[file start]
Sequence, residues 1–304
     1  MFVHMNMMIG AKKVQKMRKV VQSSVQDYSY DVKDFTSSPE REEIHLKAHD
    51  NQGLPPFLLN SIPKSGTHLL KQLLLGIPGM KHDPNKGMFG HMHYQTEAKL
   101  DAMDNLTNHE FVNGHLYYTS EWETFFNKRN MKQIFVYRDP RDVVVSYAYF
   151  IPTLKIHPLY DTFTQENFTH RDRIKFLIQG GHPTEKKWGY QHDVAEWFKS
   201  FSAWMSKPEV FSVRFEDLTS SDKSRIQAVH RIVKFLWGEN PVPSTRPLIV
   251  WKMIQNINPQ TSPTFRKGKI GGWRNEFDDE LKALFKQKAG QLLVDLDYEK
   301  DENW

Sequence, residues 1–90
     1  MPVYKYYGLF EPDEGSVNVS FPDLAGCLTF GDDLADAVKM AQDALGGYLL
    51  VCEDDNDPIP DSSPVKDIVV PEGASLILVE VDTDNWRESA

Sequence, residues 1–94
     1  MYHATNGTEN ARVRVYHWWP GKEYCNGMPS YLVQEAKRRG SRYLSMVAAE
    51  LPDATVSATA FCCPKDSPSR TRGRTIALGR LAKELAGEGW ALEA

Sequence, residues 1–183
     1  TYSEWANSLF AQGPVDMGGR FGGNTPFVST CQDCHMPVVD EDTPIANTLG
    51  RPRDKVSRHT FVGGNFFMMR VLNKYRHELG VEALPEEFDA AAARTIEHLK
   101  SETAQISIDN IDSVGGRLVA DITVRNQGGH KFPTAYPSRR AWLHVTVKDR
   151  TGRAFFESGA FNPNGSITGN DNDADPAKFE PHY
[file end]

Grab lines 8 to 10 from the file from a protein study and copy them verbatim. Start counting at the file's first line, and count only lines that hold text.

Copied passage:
   301  DENW

Sequence, residues 1–90
     1  MPVYKYYGLF EPDEGSVNVS FPDLAGCLTF GDDLADAVKM AQDALGGYLL